19 Января

Self-Renewal: The Individual and the Innovative Society

Переиздание мудрой, но несложной книги 64-го года об открытости человека и общества к изменениям.

Автор — глава департамента здравоохранения и социальных служб США, республиканец при президенте-демократе — вплетает в повествование большие общечеловеческие темы: творчество, свободу, революции, организацию работы в корпорациях, технологии, развитие общества, смелость, мораль, моралистов, образование и воспитание.

Книга написана очень деликатным языком и пропитана уважением к человеку и миру со всеми его полутонами. Отличное продолжение другой книги об изменениях (написанной 4 года спустя) Education and Ecstasy.


The truly creative person is not an outlaw but a lawmaker.


As radicals move into the conflict that is often required to produce social change they tend to rigidify as individuals and to form themselves into highly dogmatic organizations, intolerant of diversity within their own ranks.


… people who break the iron frame of custom are necessarily people of ardor and aggressiveness. They are capable of pursuing their objectives with fervor and singleness of purpose. If they were not, they would not succeed. And it is sad but true that in shaping themselves into bludgeons with which to assault the social structure they often develop a diamond-hard rigidity of their own. Thus arises the familiar problem of what to do with the revolutionaries when the revolution is over.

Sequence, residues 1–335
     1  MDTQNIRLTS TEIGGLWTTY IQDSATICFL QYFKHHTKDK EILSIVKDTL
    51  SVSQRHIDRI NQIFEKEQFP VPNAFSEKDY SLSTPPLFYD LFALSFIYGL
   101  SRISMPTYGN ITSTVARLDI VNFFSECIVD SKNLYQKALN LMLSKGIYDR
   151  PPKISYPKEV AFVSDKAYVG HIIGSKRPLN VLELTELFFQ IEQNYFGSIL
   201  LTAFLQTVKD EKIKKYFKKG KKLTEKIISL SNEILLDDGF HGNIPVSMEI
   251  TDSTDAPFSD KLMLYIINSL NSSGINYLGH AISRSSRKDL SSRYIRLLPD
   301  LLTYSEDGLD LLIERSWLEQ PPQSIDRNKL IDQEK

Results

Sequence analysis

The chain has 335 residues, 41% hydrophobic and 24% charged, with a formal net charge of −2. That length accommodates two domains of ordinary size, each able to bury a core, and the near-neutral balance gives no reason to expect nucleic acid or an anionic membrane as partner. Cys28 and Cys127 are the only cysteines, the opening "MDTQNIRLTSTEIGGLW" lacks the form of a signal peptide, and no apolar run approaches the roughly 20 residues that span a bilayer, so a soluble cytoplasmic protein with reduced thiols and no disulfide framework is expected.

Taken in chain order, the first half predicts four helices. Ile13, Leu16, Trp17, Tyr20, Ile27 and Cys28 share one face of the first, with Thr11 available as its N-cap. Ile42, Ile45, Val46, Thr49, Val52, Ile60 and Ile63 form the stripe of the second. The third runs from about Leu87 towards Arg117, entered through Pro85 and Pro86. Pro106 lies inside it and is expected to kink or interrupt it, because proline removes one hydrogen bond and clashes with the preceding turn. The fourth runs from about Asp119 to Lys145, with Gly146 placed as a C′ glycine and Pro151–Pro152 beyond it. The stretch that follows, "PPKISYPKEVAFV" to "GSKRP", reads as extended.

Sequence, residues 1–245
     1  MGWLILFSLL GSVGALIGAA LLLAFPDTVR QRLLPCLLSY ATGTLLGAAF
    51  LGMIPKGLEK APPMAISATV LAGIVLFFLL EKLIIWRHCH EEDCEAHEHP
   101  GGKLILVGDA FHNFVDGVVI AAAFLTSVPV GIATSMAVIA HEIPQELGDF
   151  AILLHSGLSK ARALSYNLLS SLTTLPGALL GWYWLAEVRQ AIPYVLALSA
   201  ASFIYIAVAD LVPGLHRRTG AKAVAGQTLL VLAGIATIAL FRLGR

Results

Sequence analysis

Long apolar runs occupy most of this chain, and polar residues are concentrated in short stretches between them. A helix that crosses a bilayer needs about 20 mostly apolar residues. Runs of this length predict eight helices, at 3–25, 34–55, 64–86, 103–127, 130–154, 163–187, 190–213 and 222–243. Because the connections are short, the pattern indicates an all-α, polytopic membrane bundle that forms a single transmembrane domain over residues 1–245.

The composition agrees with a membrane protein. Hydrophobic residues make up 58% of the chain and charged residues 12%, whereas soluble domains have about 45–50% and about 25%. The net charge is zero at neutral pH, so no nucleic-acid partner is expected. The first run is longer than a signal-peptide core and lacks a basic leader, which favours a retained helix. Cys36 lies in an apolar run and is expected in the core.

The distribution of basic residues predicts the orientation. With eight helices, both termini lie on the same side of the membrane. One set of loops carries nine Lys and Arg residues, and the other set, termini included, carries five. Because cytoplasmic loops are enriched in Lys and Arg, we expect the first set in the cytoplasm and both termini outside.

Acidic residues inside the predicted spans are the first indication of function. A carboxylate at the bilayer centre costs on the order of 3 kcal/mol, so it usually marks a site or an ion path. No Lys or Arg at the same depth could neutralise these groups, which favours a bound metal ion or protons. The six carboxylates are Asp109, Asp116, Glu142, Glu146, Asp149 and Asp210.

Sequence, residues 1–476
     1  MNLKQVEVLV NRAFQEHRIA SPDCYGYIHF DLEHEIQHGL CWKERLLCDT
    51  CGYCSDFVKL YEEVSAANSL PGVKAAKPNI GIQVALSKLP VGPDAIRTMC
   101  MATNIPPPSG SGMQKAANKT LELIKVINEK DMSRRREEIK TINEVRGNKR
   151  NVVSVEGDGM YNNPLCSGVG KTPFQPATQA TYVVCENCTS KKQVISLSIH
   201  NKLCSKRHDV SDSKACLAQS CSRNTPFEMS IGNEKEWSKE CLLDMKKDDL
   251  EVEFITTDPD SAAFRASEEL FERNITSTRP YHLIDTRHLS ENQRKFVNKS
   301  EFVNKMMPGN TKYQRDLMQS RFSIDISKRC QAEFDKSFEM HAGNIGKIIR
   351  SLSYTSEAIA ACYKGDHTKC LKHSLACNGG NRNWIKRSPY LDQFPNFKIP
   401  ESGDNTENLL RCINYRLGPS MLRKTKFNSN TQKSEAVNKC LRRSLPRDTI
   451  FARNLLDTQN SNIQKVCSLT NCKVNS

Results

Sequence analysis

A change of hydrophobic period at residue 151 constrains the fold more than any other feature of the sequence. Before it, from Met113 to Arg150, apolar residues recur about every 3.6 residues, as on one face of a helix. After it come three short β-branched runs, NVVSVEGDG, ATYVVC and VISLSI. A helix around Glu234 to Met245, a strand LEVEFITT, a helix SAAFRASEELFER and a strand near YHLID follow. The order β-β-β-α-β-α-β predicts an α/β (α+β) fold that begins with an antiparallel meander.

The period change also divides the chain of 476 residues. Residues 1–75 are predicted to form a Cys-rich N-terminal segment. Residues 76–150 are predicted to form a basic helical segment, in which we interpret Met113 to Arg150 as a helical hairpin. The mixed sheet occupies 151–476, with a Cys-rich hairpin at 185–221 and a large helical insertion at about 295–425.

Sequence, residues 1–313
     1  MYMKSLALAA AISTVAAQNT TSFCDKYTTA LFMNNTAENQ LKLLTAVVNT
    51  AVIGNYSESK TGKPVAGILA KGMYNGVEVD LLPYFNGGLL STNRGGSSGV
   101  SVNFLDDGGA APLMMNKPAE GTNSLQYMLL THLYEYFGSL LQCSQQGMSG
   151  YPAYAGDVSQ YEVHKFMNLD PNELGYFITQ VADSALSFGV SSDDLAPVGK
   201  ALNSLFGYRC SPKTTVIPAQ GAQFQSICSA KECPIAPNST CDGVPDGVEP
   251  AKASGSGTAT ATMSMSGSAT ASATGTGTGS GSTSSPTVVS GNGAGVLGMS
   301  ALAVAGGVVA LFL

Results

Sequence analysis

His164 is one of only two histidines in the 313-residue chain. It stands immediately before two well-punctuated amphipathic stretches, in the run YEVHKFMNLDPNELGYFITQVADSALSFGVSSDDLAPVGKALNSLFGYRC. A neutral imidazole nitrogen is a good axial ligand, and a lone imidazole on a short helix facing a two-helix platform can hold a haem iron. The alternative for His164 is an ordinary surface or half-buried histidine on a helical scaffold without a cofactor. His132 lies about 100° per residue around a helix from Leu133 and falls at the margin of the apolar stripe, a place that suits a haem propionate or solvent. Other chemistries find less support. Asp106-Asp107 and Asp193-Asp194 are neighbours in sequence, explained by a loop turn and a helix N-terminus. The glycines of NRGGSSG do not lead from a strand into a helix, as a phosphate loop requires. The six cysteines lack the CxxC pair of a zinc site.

A mature society must make a particular effort to reward its innovators, because its very maturity discourages innovation.


Youth is characteristically impatient of carefully weighted procedures. The young organization (or individual) want to “get to the point.” The important thing is to get the job done and not to worry about how it is done. The emphasis is on serving the stark need as directly as possible with no frills.